Another gap in our knowledge about the nature of the inflation process concerns expectations. Although many theoretical models suggest that actual inflation should be most closely related to short-run inflation expectations, as an empirical matter, measures of long-run expectations appear to explain the data better.20 Yet another unresolved issue concerns whose expectations--those of consumers, firms, or investors--are most relevant for wage and price setting, a point on which theory provides no clear-cut guidance. More generally, the precise manner in which expectations influence inflation deserves further study.21
Perhaps most importantly, we need to know more about the manner in which inflation expectations are formed and how monetary policy influences them. Ultimately, both actual and expected inflation are tied to the central bank's inflation target, whether that target is explicit or implicit.22 But how does this anchoring process occur? Does a central bank have to keep actual inflation near the target rate for many years before inflation expectations completely conform? Can policymakers instead materially influence inflation expectations directly and quickly by simply announcing their intention to pursue a particular inflation goal in the future? Or does the truth lie somewhere in between, with a change in expectations requiring some combination of clear communications about policymakers' inflation goal, concrete policy actions to demonstrate their commitment to that goal, and at least some success in moving actual inflation toward its desired level in order to demonstrate the feasibility of the strategy? Although historical experience suggests that changing the public's inflation expectations would be neither quick nor easy, it is not clear which of these possibilities is correct.23
With nominal short-term interest rates at or close to their effective lower bound in many countries, the broader question of how expectations are formed has taken on heightened importance. Under such circumstances, many central banks have sought additional ways to stimulate their economies, including adopting policies that are directly aimed at influencing expectations of future interest rates and inflation. The unusually explicit and extended guidance about the likely future path of the federal funds rate that was provided by the FOMC from 2011 through 2014 is an example of such a policy, as is the Bank of Japan's upward revision to its official inflation objective in 2013. Moreover, these and other expectational strategies may be needed again in the future, given the likelihood that the global economy may continue to experience historically low interest rates, thereby making it unlikely that reductions in short-term interest rates alone would be an adequate response to a future recession.24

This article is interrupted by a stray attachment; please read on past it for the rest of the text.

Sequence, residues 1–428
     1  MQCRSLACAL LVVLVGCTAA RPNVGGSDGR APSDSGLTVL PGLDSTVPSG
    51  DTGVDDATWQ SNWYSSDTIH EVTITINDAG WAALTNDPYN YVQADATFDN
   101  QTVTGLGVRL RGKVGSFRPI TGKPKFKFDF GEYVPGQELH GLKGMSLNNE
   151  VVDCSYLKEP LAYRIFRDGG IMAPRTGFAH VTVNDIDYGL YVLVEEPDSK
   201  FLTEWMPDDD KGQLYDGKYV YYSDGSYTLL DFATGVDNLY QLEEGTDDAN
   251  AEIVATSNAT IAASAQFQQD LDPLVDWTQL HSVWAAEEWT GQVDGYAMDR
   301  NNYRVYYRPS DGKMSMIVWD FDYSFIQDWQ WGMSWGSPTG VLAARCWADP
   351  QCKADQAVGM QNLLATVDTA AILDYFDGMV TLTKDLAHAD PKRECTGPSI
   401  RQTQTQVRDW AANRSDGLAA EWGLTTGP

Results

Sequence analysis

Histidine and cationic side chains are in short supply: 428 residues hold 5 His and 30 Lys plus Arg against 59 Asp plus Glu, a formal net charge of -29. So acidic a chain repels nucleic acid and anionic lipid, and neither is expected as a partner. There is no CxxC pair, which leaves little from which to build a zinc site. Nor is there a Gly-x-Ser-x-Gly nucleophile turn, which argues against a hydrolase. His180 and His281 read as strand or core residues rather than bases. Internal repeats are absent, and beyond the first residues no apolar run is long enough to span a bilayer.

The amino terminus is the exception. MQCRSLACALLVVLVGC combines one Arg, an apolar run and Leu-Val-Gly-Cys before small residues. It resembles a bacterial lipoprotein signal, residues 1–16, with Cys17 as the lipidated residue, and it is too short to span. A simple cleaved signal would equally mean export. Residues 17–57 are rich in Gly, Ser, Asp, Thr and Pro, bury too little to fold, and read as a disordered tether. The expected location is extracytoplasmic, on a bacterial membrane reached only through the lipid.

For all of these reasons, I hope that researchers will strive to improve our understanding of inflation dynamics and its interactions with monetary policy.
Before closing, let me mention one additional area where more study is needed--the effects of changes in U.S. monetary policy on financial and economic conditions in the rest of the world and the ways in which those foreign effects can feed back to influence conditions here at home. Of course, cross-country monetary policy spillovers have been the subject of scholarly debate since the Great Depression, and much of the formal analysis of this topic dates back to the early 1960s.25 But this issue has received renewed interest with the advent of unconventional monetary policies after the Great Recession and, more recently, the divergence of monetary policies among major advanced-economy central banks.
Broadly speaking, monetary policy actions in one country spill over to other economies through three main channels: changes in exchange rates; changes in domestic demand, which alter the economy's imports; and changes in domestic financial conditions--such as interest rates and asset prices--that, through portfolio balance and other channels, affect financial conditions abroad. Research by Federal Reserve staff suggests that, all told, U.S. monetary policy spillovers to other economies are positive--that is, policies designed to provide stimulus to the U.S. economy also boost activity abroad, as negative effects of dollar depreciation are offset by positive effects of higher U.S. imports and easier foreign financial conditions.26 However, this issue is far from settled, as are a host of other related questions, including the following: Do U.S. monetary policy actions affect advanced and emerging market countries differently? Do conventional and unconventional monetary policies spill over to other countries differently? And to what extent are U.S. interest rates and financial conditions influenced by easing measures abroad?
In closing, I would like to commend the Federal Reserve Bank of Boston for organizing this conference and fostering research and debate on questions vital to our understanding of the economy. Answering these questions will help the Federal Reserve's efforts to promote a healthy economy, and I am grateful for the opportunity to speak to you today and be part of this important discussion.